Public Release: 

Alzheimer's Study Links Cognitive Decline With Specific Brain Damage

Washington University in St. Louis

Researchers have long understood that the mental and functional deterioration caused by Alzheimer's disease (AD) is related to the increasing presence of physical abnormalities in the brain, and particularly in those brain sectors controlling thought, memory and language.

Now research from Washington University in St. Louis has begun to link specific cognitive problems with specific brain abnormalities, thus paving the way for a better understanding of cause and effect in the onset and progression of Alzheimer's.

"This is one of the first studies that links specific patterns of cognitive decline with specific Alzheimer's pathology from distinct anatomic areas," said Stephen Kanne, primary investigator for the project and a doctoral student in psychology in Arts and Sciences at Washington University.

"It also confirms the power of neuropsychological tests to predict in fairly early stages of the disease where a particular patient is likely to have specific brain damage five years later, when the disease has progressed to a more severe form."

Published in the April 1998 issue of the journal Neurology, the study is based on an analysis of brain tissues obtained from 41 patients who died within about five years of receiving comprehensive neuropsychological assessments for signs of Alzheimer's related dementia. Subjects were drawn from a pool of 668 individuals with an average age of 75 whose cognitive abilities were tracked by the Washington University Alzheimer's Disease Research Center.

The research was funded by a grant from the National Institute on Aging and conducted by a interdisciplinary team of researchers from the psychology, neurology and pathology departments at Washington University. Other members of the research team are John C. Morris, M.D., a professor of neurology and pathology and director of the Memory and Aging Project; and Daniel W. McKeel Jr., M.D., an associate professor of pathology whose laboratory maintains a collection of more than 450 human brains used in research projects at the School of Medicine.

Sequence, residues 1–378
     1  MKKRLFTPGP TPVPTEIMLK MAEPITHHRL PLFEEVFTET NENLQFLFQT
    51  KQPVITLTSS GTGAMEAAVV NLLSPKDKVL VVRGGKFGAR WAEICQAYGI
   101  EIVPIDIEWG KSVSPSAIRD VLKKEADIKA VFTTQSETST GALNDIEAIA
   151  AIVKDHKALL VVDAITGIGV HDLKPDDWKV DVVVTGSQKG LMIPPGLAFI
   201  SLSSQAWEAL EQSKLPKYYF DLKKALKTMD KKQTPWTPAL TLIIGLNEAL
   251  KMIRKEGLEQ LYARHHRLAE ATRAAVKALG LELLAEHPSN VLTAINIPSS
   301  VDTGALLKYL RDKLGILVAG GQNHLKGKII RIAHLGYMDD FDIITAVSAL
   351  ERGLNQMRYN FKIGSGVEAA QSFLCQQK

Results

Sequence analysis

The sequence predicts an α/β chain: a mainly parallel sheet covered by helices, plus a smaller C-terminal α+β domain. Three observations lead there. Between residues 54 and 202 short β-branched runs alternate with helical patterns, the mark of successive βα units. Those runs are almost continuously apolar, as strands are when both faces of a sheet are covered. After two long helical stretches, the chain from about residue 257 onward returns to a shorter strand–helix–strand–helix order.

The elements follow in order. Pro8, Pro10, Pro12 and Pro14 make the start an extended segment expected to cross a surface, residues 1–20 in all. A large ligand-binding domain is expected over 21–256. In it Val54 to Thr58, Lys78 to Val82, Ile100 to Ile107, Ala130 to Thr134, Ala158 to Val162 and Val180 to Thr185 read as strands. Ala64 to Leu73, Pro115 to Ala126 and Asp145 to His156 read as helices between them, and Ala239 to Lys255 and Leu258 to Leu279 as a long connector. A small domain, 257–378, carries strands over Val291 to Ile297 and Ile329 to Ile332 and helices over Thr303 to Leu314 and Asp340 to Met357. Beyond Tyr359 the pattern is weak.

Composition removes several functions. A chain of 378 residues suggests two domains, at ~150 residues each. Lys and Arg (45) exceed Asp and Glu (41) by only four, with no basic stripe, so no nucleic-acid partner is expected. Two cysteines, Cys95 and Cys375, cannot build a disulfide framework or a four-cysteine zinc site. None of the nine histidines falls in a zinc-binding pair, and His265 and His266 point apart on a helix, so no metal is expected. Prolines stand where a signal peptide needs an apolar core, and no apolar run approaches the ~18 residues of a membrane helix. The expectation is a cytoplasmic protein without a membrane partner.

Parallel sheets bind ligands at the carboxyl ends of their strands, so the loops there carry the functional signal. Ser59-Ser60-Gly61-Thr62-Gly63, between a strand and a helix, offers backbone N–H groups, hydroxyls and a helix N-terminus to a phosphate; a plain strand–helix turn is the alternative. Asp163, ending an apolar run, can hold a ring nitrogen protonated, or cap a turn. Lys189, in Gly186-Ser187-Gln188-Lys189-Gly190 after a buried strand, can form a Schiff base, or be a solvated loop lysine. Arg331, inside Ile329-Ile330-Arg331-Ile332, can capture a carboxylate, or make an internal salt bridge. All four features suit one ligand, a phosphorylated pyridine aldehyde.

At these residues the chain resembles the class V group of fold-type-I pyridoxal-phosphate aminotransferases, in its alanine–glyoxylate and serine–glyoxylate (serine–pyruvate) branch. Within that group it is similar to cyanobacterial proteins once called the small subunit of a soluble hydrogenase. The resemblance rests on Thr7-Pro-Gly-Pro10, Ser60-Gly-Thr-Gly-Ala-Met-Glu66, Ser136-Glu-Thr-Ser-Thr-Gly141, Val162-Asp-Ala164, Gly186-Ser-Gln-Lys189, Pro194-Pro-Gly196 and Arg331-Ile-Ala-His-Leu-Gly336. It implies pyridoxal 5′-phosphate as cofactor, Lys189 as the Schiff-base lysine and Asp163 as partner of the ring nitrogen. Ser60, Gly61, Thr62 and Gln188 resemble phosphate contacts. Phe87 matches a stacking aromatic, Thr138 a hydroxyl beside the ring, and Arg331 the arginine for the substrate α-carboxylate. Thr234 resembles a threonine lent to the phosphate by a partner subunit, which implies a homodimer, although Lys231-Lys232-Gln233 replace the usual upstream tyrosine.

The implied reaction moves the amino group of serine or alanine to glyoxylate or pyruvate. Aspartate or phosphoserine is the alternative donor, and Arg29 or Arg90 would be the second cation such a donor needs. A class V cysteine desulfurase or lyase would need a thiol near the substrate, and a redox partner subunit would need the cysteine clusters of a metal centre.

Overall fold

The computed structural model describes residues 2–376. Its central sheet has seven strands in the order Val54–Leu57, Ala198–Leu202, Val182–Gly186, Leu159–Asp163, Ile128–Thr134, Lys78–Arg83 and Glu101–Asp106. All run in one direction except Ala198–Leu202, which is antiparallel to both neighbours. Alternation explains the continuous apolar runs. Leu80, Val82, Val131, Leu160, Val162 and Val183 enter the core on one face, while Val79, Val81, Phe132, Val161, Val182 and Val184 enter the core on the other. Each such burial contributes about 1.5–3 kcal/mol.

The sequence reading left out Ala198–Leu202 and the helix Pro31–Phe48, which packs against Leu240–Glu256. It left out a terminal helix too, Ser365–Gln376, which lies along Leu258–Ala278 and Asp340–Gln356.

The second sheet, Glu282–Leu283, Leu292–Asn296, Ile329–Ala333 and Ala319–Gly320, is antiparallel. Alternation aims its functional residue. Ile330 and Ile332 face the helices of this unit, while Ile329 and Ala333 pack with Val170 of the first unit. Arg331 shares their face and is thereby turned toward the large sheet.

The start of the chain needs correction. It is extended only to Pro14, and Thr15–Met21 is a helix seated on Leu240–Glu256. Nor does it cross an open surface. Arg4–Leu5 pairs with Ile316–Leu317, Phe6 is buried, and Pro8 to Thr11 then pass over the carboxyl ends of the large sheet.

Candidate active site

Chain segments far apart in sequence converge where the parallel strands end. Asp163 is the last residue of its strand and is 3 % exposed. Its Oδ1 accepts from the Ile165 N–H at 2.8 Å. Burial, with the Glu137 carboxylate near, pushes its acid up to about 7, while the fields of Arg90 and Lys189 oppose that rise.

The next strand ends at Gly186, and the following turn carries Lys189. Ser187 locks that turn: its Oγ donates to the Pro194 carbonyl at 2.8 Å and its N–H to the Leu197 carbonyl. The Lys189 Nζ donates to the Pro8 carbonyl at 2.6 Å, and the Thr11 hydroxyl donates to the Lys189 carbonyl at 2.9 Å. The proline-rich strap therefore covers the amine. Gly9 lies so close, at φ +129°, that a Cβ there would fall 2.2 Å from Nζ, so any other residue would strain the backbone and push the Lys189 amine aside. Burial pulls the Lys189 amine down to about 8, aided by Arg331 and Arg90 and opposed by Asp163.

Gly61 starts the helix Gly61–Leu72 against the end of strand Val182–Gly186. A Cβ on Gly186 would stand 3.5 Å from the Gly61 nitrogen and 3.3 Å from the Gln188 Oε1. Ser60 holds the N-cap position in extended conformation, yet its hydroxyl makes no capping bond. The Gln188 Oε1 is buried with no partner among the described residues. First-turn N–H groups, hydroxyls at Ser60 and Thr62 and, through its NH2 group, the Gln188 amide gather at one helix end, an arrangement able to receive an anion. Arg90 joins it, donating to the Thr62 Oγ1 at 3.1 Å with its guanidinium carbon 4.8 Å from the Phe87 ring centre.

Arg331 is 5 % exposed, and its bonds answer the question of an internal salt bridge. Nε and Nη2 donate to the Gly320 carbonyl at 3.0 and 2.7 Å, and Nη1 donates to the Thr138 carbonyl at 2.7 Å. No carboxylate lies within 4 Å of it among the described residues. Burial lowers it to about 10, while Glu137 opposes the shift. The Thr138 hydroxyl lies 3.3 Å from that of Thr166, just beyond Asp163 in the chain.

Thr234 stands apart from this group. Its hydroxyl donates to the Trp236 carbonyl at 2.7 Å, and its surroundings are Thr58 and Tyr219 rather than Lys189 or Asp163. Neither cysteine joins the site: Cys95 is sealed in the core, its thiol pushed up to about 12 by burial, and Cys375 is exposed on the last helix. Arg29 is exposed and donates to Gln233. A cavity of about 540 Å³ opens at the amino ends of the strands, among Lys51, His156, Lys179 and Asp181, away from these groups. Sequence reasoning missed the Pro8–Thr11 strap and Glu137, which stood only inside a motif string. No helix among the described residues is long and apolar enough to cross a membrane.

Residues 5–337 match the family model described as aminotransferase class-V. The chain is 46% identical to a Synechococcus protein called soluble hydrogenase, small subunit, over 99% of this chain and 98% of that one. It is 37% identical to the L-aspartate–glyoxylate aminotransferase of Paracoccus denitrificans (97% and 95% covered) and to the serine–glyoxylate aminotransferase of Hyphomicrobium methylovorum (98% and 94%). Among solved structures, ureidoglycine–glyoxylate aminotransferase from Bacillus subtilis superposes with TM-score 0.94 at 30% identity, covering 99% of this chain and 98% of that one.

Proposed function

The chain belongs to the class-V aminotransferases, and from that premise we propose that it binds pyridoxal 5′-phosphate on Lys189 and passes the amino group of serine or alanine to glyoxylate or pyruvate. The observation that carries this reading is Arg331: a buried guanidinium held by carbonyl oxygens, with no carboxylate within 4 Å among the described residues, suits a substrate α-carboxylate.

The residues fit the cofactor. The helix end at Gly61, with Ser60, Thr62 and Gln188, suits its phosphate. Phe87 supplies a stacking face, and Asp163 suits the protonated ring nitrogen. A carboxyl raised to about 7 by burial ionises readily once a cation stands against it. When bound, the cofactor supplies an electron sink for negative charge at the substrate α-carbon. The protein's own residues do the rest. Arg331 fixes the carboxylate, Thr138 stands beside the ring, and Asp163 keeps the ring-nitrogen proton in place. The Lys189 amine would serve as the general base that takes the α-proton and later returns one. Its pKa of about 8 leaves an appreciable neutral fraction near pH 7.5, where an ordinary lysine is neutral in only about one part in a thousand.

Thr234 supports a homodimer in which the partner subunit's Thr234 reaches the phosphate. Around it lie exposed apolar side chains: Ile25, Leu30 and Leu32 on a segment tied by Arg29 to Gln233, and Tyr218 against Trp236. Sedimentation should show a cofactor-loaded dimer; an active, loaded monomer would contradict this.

Subjects who showed no signs of Alzheimer's-related dementia during their clinical examinations were assessed as having only small declines in cognitive abilities, declines consistent with normal aging. However, subjects who showed early signs of Alzheimer's displayed significant patterns of cognitive impairment on these assessments. Five years later, significant patterns of abnormal brain damage emerged in autopsies of these subjects. Most important, the patterns of brain damage found in these Alzheimer's sufferers could be related in meaningful ways to specific cognitive problems documented during the assessments.

"The study documents the existence of cored senile plaques -- one of the markers for the diagnosis of Alzheimer's disease -- in areas of the brain supporting the very same cognitive skills for which subjects exhibited diminished function in tests conducted about five years earlier," said David Balota, Ph.D., research team member and professor of psychology. "The later autopsy confirmation that senile plaques exist in these brain areas does not necessarily confirm that the plaques caused the dysfunction, but the results are clearly consistent with this assumption."

The study documents, for instance, that subjects who performed relatively poorly (compared to their overall test performance) on tests of memory were later found to have relatively more Alzheimer's-related deterioration in the temporal lobe, a sector of the brain known to play an important role in the performance of these functions.

Similarly, subjects with early stage Alzheimer's who performed more relatively poorly on tests of visual and spatial skills were later found to have relatively more abnormalities in the parietal sector of the brain, and those who scored relatively poorly on tests of mental control, were found to have relatively more Alzheimer's damage to the frontal lobe -- findings that coincide with a general understanding of the role these brain sectors play in the cognitive process.

Challenge To Researchers

"One reason the research is important is that it suggests that Alzheimer's affects different regions of the brain in different people -- that means early symptoms of the disease won't be the same in everyone," said investigative team member Martha Storandt, Ph.D., a professor of psychology whose research explores differences between normal aging and Alzheimer's disease.

"The discovery is not good news for Alzheimer's researchers," Storandt said, "because it means that any theories we develop about what causes the disease must allow for this variability, and doing so presents more challenging scientific problems than we faced with other degenerative diseases, such as Parkinson's, in which the damage to the brain is more localized."


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